Dealing with the COVID-19 pandemic has caused seismic changes to all of our lives, including our family life. During the lockdown we are all forced to isolate in our homes, and for some this forced time together and the disruption to our normal routines can act like a pressure cooker leading to heated disputes. It has been reported by Refuge, a domestic abuse charity, that there has been a 25 per cent increase in calls for help during the lockdown.
It can be a particularly scary time if you live with a violent or abusive partner. For couples who have separated, we have also seen that difficulties organising child contact arrangements can be a source of abuse.
If you find yourself facing abuse, you may feel that at present you have little choice. Sarah Reid family law expert at Richard Reed Solicitors discusses below the options you do have, and she advises ‘We can help you even during the lockdown and would urge you to contact us for advice. If you don’t feel able to talk on the phone, then you can e-mail us at: [email protected]
The Police are prepared – dial 999, press 55
If you are experiencing abuse or violence and worried about your immediate safety your first step should be to contact the Police.
If you not able to find a private space to talk to make such a call, then you can use the ‘silent solutions’ system. This is accessed by dialling 999. When the operator asks what service you require, enter ‘55’ on your key pad. Without you having to speak, this is detected by the operator who then contacts your local Police force as an emergency.
The Police are continuing to deal with all domestic abuse incidents during the pandemic and more than 4,000 arrests for domestic abuse were made across London in the six weeks up to 19 April.
You are not a burden to them, and it is important that you know you will still get help even during these difficult times. The Police can arrest your partner and could place bail conditions against them. These conditions typically restrict them from being able to see you.
Legal advice on your options
If you are residing with an abusive partner, even if this abusive behaviour has only started during the lockdown, you do not have to endure it. There is no excuse.
All forms of abuse can significantly impact your wellbeing and those of any children living with you. Whether that abuse is of a physical nature or psychological, we can provide you with advice and representation in order to ensure you and your children are safe.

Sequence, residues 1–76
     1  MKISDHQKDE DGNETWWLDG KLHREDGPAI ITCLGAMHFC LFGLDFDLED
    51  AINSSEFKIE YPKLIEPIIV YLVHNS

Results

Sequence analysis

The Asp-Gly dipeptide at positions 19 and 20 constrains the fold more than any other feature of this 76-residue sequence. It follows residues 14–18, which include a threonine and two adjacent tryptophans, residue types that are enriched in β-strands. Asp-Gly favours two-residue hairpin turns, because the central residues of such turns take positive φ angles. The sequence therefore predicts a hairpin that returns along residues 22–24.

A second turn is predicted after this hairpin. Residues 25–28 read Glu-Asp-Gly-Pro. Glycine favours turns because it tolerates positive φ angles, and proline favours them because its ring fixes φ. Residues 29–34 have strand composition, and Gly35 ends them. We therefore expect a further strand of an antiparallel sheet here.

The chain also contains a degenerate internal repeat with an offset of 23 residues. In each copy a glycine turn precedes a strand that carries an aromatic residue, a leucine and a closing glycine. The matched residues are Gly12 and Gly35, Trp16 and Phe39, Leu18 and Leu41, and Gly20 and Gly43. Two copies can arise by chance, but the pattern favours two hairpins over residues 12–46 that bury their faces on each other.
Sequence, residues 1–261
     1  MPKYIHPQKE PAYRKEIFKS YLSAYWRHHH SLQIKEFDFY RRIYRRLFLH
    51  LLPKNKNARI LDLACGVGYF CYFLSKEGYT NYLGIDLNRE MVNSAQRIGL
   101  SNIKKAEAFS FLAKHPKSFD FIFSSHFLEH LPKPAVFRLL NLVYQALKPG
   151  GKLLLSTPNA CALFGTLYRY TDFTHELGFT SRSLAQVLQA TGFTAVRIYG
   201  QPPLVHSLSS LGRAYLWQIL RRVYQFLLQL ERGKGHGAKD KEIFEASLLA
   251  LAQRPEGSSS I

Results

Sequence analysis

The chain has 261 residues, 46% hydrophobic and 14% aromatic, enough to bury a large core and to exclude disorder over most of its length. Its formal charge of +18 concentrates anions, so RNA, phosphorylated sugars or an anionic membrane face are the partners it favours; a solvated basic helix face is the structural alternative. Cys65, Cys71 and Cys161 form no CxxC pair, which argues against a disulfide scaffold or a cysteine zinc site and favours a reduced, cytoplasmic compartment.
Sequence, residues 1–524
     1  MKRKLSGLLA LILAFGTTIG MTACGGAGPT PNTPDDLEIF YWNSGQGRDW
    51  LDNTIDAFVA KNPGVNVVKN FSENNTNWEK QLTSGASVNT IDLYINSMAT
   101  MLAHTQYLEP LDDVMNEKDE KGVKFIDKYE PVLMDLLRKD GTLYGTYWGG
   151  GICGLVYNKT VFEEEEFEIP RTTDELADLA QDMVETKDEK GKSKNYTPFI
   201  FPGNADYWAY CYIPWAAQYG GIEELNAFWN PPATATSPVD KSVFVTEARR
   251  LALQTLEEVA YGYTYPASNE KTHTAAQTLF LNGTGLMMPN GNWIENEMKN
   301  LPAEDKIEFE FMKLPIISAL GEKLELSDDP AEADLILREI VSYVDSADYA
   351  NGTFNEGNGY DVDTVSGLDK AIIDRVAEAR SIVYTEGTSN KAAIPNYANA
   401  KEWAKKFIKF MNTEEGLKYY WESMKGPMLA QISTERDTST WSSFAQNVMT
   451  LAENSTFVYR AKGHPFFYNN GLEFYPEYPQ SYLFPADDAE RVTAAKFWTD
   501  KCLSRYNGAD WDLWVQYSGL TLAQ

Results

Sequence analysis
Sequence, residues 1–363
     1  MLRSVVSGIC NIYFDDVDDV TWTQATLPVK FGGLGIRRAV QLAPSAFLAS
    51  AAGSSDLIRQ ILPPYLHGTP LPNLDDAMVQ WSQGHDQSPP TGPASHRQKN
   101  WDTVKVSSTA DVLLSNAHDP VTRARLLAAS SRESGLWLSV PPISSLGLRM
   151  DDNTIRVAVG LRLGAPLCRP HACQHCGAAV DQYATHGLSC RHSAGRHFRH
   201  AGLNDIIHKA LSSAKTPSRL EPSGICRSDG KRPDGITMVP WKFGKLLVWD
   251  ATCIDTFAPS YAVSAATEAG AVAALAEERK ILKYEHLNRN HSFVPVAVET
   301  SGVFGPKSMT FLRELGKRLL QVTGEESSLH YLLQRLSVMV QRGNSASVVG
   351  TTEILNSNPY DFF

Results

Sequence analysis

This may mean seeking a court order, known as an occupation order, which would enable you to reside in the house without your partner. Depending on your individual circumstances we may also recommend applying for a non-molestation order. This is a different type of court order which acts as an injunction prohibiting your partner from behaving in an abusive manner towards you.
Problems with child contact arrangements
It is not uncommon for former abusive partners to still continue to exert control via the child contact arrangements. We have sadly seen that this type of behaviour has increased during the Covid-19 crisis. Some abusive former partners have made threats and tried to flout their existing child contact arrangements.
Abusers are mistaken if they believe that little can be done during the lock down to prevent their behaviour. This is not the case.
If you are concerned about your rights and compliance with any current court order or agreement do not hesitate to contact us. We can advise you if the previous arrangements can continue safely in compliance with government advice, or if an alternative arrangement should now be looked at.
We can negotiate with your former partner or their representative in order to take the heat away from you dealing directly with them. If you would rather deal directly, then we can arm you with the correct information and legal position before you enter any discussions.
If no agreement can be reached, and an application needs to be made to the court to alter an existing order we can also advise and represent you during that process, even during this lockdown.
Abusive contact from a former partner
Abuse may happen at a distance and, with time on their hands during lockdown, some former partners have turned to the phone, email and social media to continue a campaign of harassment.
In most circumstances, it is possible to obtain a non-molestation order against a former partner. Keep a written record of any abusive phone calls or exchanges that occur. If you have received abusive messages it is important to keep a copy of them. You may find it easiest to screen shot these messages and e-mail them to your solicitor. These can be used as evidence should a court order be required.
Contact us for advice
Your mental health during this pandemic is every bit as important as your physical health. If you are encountering more domestic disputes which you feel are getting out of hand, do not hesitate to contact us for some preliminary advice.
This article is for general information only and does not constitute legal or professional advice. Please note that the law may have changed since this article was published.